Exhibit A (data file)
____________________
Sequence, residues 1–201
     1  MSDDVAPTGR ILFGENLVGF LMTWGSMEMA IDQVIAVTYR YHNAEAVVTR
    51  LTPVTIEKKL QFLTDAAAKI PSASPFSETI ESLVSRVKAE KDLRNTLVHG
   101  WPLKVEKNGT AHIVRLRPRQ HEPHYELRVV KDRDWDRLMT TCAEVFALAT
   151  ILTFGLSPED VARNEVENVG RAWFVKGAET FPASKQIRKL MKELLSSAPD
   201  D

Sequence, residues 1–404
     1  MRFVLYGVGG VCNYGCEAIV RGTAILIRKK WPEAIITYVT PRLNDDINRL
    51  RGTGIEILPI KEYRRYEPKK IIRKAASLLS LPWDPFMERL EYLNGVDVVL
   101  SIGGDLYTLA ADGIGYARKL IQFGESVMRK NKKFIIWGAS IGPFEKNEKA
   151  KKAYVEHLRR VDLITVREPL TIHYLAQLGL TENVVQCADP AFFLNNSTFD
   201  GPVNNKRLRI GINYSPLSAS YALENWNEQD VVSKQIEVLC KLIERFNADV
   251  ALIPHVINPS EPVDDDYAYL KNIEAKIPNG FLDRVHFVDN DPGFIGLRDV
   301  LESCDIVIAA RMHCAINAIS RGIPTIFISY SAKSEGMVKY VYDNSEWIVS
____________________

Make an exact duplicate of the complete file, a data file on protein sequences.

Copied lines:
Sequence, residues 1–201
     1  MSDDVAPTGR ILFGENLVGF LMTWGSMEMA IDQVIAVTYR YHNAEAVVTR
    51  LTPVTIEKKL QFLTDAAAKI PSASPFSETI ESLVSRVKAE KDLRNTLVHG
   101  WPLKVEKNGT AHIVRLRPRQ HEPHYELRVV KDRDWDRLMT TCAEVFALAT
   151  ILTFGLSPED VARNEVENVG RAWFVKGAET FPASKQIRKL MKELLSSAPD
   201  D

Sequence, residues 1–404
     1  MRFVLYGVGG VCNYGCEAIV RGTAILIRKK WPEAIITYVT PRLNDDINRL
    51  RGTGIEILPI KEYRRYEPKK IIRKAASLLS LPWDPFMERL EYLNGVDVVL
   101  SIGGDLYTLA ADGIGYARKL IQFGESVMRK NKKFIIWGAS IGPFEKNEKA
   151  KKAYVEHLRR VDLITVREPL TIHYLAQLGL TENVVQCADP AFFLNNSTFD
   201  GPVNNKRLRI GINYSPLSAS YALENWNEQD VVSKQIEVLC KLIERFNADV
   251  ALIPHVINPS EPVDDDYAYL KNIEAKIPNG FLDRVHFVDN DPGFIGLRDV
   301  LESCDIVIAA RMHCAINAIS RGIPTIFISY SAKSEGMVKY VYDNSEWIVS